All of which isn't to say there can't be money in lagging on trends. Great Lakes does it very well. But if that's the game Point wants to play they need to compete with not only Great Lakes, but Bells, Summit, New Glarus, Goose Island and Sierra Nevada just to name a couple of big obstacles. And, while I can appreciate the aspiration I'm not sure Point is there yet. But neither is Yuengling, or Saranac and they seem to do alright for themselves.


  1. The Whole Hog Imperial Pilsner is really good. So was their pumpkin.

  2. I don't read the 'wheat beer phenom' comment as being off-base. It appears to me that he was using the wheat beer phenom as an example of a trend that many folks jumped on...the kind point brewing is going to try to anticipate. 10years ago the cutting edge was hops and then it was abv then it was seasonals (ala dark lord, etc) now it seems to be sour beers. Wheat beers were in there somewhere...
    As to the beers produced there, I've really liked the Point White Beer for quite a while though haven't had it recently; they did a nice maibock several years ago and the old point bock was a mainstay for me in my college days.
    An interesting note: in the mid-90's Point special was exported to europe! I stumbled into a Edinburgh pub that had it in the cooler...of course I had to try one. It didn't taste any better, or worse, than it did in its home state.

    I wish them well, and hope they brew a great breakthrough beer in 2010


  3. The Whole Hog line has been pretty impressive so far! The impy pilsner is very smooth and tasty, the six hop ipa was off the mark (in that it was more malt based than hop, still good), the pumpkin had just the right amount of spices and abv! I heard the next release is going to be a russian impy stout, should be interesting. When I think of Point, a stout is the last thing i think of. As far as there brand concern goes, I think they are a hometown brewery that people grew up with. Now there just trying to get there lil piece of the craft industry pie...........I wish them all the best!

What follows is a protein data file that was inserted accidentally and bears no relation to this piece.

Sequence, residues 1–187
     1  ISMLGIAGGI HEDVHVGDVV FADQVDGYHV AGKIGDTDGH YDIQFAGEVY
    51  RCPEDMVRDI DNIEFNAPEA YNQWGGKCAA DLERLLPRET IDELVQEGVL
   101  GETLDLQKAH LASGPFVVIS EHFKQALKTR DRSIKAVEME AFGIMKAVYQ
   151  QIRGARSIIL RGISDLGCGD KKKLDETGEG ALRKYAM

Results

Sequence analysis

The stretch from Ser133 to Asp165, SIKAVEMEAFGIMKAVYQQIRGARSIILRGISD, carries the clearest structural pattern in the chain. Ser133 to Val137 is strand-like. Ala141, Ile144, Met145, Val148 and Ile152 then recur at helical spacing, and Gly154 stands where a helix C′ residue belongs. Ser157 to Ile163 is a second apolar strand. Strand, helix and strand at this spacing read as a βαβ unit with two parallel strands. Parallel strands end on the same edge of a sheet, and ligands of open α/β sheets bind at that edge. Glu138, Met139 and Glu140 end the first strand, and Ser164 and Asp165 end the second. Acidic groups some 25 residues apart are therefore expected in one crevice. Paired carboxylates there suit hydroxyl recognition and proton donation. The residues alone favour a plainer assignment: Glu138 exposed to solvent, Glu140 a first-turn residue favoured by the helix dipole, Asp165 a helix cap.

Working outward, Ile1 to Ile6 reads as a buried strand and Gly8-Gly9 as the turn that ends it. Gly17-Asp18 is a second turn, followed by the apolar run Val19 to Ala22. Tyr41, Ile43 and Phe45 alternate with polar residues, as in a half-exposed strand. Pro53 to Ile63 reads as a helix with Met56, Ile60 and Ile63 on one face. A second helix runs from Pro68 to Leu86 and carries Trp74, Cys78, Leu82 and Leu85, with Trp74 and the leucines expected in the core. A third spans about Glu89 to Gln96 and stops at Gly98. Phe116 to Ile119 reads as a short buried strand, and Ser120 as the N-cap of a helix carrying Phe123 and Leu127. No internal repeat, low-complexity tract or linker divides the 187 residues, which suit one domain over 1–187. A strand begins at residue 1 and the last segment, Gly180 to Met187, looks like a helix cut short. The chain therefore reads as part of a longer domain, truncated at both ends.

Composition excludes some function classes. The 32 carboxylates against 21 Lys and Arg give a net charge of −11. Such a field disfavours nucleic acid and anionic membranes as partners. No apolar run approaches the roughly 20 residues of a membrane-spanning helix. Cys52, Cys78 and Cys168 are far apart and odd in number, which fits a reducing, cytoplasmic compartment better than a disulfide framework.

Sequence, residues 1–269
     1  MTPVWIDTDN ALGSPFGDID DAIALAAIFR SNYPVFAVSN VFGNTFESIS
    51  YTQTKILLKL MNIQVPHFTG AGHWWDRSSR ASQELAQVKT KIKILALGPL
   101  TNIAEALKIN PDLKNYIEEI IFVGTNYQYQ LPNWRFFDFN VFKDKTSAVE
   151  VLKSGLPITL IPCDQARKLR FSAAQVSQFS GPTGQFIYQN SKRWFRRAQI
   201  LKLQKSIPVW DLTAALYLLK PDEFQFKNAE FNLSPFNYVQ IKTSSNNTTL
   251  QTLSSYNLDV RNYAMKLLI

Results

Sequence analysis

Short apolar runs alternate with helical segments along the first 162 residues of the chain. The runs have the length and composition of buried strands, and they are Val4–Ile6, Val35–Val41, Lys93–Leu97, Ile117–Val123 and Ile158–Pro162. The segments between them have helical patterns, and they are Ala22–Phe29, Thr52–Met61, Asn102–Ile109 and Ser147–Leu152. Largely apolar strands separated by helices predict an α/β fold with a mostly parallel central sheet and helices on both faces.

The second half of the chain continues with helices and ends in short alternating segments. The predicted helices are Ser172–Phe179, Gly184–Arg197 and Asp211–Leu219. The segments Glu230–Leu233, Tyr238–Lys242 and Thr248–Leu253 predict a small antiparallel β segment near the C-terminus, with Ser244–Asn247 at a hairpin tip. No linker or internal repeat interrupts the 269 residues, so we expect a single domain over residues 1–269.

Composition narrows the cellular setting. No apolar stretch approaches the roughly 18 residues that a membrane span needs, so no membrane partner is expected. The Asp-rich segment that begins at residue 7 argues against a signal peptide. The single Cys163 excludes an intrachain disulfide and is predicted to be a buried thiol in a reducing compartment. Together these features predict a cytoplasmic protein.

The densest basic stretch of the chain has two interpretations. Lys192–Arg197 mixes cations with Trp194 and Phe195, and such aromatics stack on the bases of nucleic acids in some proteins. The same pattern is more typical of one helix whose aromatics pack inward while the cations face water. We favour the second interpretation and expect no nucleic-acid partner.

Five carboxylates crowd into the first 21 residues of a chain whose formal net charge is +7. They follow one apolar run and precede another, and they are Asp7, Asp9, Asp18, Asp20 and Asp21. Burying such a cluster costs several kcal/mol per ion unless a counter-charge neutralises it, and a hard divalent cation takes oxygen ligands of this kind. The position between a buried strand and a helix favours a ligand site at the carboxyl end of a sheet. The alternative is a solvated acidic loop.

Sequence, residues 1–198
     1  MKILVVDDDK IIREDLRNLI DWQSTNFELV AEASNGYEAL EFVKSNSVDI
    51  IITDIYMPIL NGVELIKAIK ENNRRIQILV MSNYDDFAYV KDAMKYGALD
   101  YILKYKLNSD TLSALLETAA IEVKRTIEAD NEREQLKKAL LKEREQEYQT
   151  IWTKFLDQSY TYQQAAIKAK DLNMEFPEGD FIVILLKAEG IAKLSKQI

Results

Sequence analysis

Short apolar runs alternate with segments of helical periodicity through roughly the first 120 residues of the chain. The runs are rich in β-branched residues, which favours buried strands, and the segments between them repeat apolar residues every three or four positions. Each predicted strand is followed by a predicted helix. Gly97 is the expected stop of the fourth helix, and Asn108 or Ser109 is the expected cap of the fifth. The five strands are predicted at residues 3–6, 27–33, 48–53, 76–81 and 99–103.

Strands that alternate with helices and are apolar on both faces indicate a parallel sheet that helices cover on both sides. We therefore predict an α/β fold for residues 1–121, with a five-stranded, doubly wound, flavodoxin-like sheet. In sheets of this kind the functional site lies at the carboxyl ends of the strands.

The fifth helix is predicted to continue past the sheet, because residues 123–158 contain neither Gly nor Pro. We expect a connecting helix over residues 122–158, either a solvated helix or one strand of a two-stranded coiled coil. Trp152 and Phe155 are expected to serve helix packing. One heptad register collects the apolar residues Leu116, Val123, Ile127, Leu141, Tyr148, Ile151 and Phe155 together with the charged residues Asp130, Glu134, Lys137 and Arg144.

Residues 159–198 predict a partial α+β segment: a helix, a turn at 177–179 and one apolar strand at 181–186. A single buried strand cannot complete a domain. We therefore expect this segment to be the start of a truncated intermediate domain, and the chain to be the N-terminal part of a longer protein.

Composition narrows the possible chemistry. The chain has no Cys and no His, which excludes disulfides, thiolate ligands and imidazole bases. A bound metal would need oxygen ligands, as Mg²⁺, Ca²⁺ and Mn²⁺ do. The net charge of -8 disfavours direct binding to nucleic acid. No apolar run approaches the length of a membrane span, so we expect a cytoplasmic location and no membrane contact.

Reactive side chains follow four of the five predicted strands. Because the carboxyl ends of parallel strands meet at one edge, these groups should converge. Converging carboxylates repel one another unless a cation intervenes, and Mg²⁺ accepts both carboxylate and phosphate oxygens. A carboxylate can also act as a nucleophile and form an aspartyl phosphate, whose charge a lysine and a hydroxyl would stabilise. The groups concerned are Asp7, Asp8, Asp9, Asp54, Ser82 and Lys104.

4. This reminds me of Lennie's a few years ago, when they tried their "Big Eddy" brews: IPA and Imperial Stout. I thought both of those, particularly the stout, were excellent. If these brewers want to do a beer well--and the key is to do it well, on style--then more power to 'em. As for Point brews, to me, none have been great; I much prefer to pay a bit more for other breweries that produce top-quality styles, or push the brewing envelope, so to speak.

  5. These guys brew the "Horny Goat" Brews! And they suck. It's been popular in Milwaukee lately. They are very watery brews kinka like Point Beer. I wish Point brought back the original Point Bock. That was a good brew.

    Happy New Year J.C.

  6. << These guys brew the "Horny Goat" Brews! >>

    Yep, they brew it for a marketing company. It's not their recipe, and it's not their beer, it's a revenue stream for them.

    The Horny Goat brews were originally brewed in LaCrosse at City Brewery...they weren't very good then either.